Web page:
These issues were considered most recently by the Queensland Supreme Court in the case of the Estate of HRA Deceased  QSC 29.
In this case, the deceased and the respondent were in a de facto relationship for a number of years. The deceased had no children. The deceased’s estate was worth approximately $1.6 million dollars at the time of his death.
Prior to the deceased’s death, the respondent moved from their shared residence to a retirement village. The deceased later moved to a nursing home. The deceased had prepared a handwritten, unwitnessed document dated 12 February 2010 and described as the deceased’s “only Will and Testament”. This document was found in the deceased’s residence. Under the terms of this document, the deceased left his residence to the respondent.
The respondent claimed that she was still in a relationship with the deceased notwithstanding they lived in separate accommodation. She filed an application seeking a declaration that she was the de facto spouse of the deceased and was entitled to his residuary estate on intestacy, that Letters of Administration be granted to her as Administrator or that the original handwritten document dated 12 February 2010 formed the Will of the deceased and that the deceased’s residence be given to her.
The applicants, the deceased’s niece and nephew, applied for Letters of Administration on intestacy of the estate of HRA deceased, to be granted to them as Administrators arguing that the respondent and the deceased were not in a de facto relationship for a 2 continuous period of at least two years prior to his death.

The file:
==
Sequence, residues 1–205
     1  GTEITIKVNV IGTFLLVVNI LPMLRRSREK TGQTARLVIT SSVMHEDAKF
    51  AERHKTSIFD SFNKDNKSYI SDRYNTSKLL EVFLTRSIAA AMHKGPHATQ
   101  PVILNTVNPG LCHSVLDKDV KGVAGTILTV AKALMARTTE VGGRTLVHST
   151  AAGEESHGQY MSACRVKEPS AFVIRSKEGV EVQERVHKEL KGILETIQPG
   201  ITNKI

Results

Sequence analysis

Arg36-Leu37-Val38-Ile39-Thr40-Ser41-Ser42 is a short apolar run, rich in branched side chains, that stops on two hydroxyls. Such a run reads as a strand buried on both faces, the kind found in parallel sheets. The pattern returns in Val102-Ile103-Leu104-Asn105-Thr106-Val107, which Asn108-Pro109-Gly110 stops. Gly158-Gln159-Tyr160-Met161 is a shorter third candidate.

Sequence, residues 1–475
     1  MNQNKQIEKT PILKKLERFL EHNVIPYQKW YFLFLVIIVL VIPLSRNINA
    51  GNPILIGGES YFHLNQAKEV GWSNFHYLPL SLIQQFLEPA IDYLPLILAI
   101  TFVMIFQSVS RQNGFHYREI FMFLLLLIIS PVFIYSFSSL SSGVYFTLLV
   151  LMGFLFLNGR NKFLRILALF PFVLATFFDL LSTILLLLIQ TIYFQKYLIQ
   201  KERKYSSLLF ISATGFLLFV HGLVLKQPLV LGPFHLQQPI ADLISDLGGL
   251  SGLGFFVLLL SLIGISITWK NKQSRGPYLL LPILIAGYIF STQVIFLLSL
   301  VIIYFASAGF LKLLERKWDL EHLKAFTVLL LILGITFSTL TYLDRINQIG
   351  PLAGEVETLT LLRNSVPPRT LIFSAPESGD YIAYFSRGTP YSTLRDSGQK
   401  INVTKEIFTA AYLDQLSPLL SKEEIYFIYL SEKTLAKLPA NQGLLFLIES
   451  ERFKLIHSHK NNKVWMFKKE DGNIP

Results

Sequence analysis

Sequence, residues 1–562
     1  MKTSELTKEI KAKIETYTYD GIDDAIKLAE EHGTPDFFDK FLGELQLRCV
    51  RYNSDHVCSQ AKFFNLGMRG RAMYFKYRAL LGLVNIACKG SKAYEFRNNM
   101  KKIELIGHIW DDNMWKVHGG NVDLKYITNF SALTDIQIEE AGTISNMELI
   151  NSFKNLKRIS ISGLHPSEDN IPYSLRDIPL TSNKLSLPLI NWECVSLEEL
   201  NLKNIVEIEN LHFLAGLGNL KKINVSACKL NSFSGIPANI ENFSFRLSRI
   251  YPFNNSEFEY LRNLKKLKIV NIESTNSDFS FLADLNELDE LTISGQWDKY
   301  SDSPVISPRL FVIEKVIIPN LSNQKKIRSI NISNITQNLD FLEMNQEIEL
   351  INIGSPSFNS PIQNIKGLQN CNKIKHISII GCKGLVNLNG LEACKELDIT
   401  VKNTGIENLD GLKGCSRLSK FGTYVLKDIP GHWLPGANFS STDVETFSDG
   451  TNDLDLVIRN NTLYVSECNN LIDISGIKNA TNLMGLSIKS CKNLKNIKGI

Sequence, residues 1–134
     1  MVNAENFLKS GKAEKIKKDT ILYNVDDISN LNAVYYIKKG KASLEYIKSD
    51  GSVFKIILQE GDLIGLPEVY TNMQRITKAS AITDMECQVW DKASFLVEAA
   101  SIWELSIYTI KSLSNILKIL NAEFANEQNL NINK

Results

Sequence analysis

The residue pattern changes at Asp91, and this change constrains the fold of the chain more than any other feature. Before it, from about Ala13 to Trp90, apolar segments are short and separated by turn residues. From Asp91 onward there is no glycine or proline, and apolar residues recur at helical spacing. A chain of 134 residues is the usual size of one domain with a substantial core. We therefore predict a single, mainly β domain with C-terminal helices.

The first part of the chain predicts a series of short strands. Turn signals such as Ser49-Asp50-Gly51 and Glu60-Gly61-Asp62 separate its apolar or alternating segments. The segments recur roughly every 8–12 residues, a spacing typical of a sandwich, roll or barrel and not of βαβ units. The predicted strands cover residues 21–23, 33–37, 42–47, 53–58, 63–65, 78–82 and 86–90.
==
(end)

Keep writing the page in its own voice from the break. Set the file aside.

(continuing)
The Supreme Court was effectively asked to decide:
• whether the de facto relationship between the deceased and the respondent continued after they ceased living in the same residence; and
• whether the deceased’s letter amounted to an informal Will.
A decision by the court that a de facto relationship existed between the deceased and the respondent during the whole of the two-year period immediately before the deceased’s death would result in the respondent being entitled to the estate. (Either the gift of residence under the informal Will document, (if held valid), or the entire estate, as per the rules of intestacy).
If the court decided that a de facto relationship between the deceased and the respondent did not exist during the whole of the two-year period immediately before the deceased’s death then the respondent would not be entitled to any benefit from the estate. The estate would be shared by the applicants, namely the deceased’s niece and nephew.
The court took the view that the respondent had the capacity to maintain contact/involvement with the deceased but failed to do so after 2013. The court commented that even if one party in a relationship loses the capacity and ability to communicate meaningfully, the other party can still show commitment to the relationship by actions such as visits, letters, cards, flowers and gifts, arranging to receive updates from nursing staff and involvement in decisions about care.
In this case, the court concluded that the respondent failed to establish that she was in a de facto relationship with the deceased for a continuous period of at least two years ending on his death. With that conclusion, the respondent lost her claim for the deceased’s entire estate as his de facto partner.
The court did not deal with the issue regarding the deceased’s informal Will because even if the document was held to be a valid Will, any gift to the respondent under the document would have been revoked pursuant to section 15B of the Act.
This case highlights the need to maintain sufficient elements of the de facto relationship until the death of the partner to preserve that entitlement, whether or not the deceased partner had a Will. If you are in a de facto relationship and you live separately from your partner, it is critical that you continue to conduct yourself in a way that preserves your status as a de facto partner.